Breaking Bad [AMC, Sundays, 10/9C] is one of the strangest, darkest TV series ever made. It tracks the descent of a decent man into a hardened criminal – exactly the opposite of a feel good dramedy. Yet, it is absolutely one of the best shows on TV. Tonight’s fourth season premiere is proof that is continues to excel.
When Breaking Bad premiered, Walter White [Bryan Cranston] was a high school chemistry teacher who had just been diagnosed with terminal cancer. Because he thought his time was short [eighteen months], he needed a way to raise a lot of money to provide for his family – wife Skyler [Anna Gunn] and son Walter Jr. [R.J. Mitte]. So, he did what anyone in his situation would do – he went into the business of making the purest crystal meth anyone had ever seen. [Okay, maybe he took a more rarified path…]
Working with Jesse Pinkman [Aaron Paul], a student he had flunked, he built up a reputation as a player in the New Mexico drug trade – as a mysterious figure known as Heisenberg. As the show’s third season ended, Walter was facing death when he told Jesse to remove the chemist who had been trained to replace him from the equation. Thus, the final scene of season three was a shaky Jesse pointing a gun at chemist Gale [David Costabile].
After almost a year, comes the season four premiere, Box cutter – which opens with a teaser that will drive everyone who’s hooked on the show nuts: Gale setting up the superlab that Walter and Jesse worked in last season. Once into the ep’s first act, we get to see what happened in the cliffhanger and, well, if Jesse hadn’t pulled the trigger, there’d have been no more show, so…
Box Cutter moves past that revelation with a tension packed episode that finds Walter and Jesse sitting on chairs in the superlab, waiting to see what happens next – especially once their boss, Gus [Giancarlo Esposito] arrives and begins carefully donning one of the lab’s clean suits. The presence of a box cutter adds to the suspense.
Elsewhere, Skyler is alerted to Walter being missing when her sister, Marie knocks on her door and Walt’s car is still in the driveway. When she can’t get a satisfactory response from their lawyer, Saul Goodman [Bob Odenkirk], she tries to get into Walt’s condo.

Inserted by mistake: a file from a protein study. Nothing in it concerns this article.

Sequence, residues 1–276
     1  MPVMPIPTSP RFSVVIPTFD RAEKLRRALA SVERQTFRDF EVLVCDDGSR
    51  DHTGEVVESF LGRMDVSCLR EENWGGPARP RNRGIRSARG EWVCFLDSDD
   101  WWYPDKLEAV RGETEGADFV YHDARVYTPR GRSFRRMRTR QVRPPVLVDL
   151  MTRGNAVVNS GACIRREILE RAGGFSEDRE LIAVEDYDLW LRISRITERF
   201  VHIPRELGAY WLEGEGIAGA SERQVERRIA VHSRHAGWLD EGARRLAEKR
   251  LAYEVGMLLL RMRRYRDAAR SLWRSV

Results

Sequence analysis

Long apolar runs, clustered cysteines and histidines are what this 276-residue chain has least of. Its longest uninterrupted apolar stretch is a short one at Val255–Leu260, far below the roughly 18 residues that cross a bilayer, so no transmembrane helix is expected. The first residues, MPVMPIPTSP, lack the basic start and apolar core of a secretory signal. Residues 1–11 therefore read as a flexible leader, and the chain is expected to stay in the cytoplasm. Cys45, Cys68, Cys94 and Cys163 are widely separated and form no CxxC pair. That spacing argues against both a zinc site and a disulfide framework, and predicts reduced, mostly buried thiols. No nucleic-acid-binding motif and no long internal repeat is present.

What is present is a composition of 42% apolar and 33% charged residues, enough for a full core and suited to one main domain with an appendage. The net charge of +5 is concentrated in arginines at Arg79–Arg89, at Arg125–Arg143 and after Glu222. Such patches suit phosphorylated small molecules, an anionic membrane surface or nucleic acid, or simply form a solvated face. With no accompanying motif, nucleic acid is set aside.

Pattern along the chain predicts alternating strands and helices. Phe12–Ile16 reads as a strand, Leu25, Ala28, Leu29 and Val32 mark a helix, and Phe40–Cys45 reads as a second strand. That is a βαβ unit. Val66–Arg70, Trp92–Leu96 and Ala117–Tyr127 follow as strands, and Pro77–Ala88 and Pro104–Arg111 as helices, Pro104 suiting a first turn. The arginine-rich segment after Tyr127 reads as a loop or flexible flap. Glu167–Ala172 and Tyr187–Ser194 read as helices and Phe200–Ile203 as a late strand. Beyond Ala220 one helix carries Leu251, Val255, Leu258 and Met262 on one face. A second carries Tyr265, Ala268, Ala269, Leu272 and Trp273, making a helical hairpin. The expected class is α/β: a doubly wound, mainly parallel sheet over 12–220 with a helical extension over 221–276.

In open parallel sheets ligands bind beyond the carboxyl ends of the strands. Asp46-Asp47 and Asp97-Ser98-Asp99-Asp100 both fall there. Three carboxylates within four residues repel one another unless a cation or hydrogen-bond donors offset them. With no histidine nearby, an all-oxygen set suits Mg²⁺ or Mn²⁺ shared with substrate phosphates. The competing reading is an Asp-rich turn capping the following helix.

Marie is stuck looking after her husband, DEA Agent Hank [Dean Norris], who is bedridden and spending a lot of time [and money] buying ‘minerals’ from online shopping sites. No one is in a particularly good place here, and no one seems to be in a position for things to get better.
Series creator Vince Gilligan [The X-Files] has described Walt’s journey through the first three seasons as being in danger and that, in season four, he will become the danger. There are hints of that already, in the season premiere. Meanwhile, Jesse, who has always seemed too innocent to be in the drug business, is showing signs of shell shock. The balance between the two is unique and complicated, but as Walt tells Gus, ‘You kill me, you have nothing. You kill Jesse, you don’t have me.’
AMC made the first three episodes of the season available to critics and, as dark as the season premiere is, it’s sweetness and light compared to what’s coming: Walt considers an extreme action for protection; Skyler goes to great lengths in pursuit of a money laundering business; Hank is stuck in a serious depression; Marie takes up a hobby [checking out houses for sale] that leads to a relapse with a certain problem she has…
Throughout, the writing is as sharp as – or quite possibly sharper than – it’s ever been. The characters are becoming more complex and the plotting is becoming denser. The cinematography is beautiful as it’s ever been and the overall production remains among the best on TV.
Gilligan’s script for Box Cutter makes use of minimal sets and little physical action to produce one of the most disturbing and brilliant hours of TV you will see this season [or ever, for that matter] and the season is just getting started. Adam Bernstein takes Gilligan’s taut script and finds a deliberate pace that cranks up the tension without sacrificing the small, human moments that make Breaking Bad so compelling – even as characters make exactly the wrong choices in their lives. Shakespeare should be so good!
You are standing on a hill, looking down on an intersection. Cars coming from one direction can’t see cars coming from the street at right angles because the hill is in the way. You see two cars speeding toward the intersection and, even knowing that – since they can’t see each other – they are going to crash, you still can’t look away.
That is the fascination that Breaking Bad generates at its worst [which is most shows’ best, but that’s another discussion]. Now take the sensation generated by that experience and increase it exponentially, and you’ll have some idea of just how absorbing the first three episodes of season four are. Not only can’t you look away, you don’t want to.
Final Grade: A+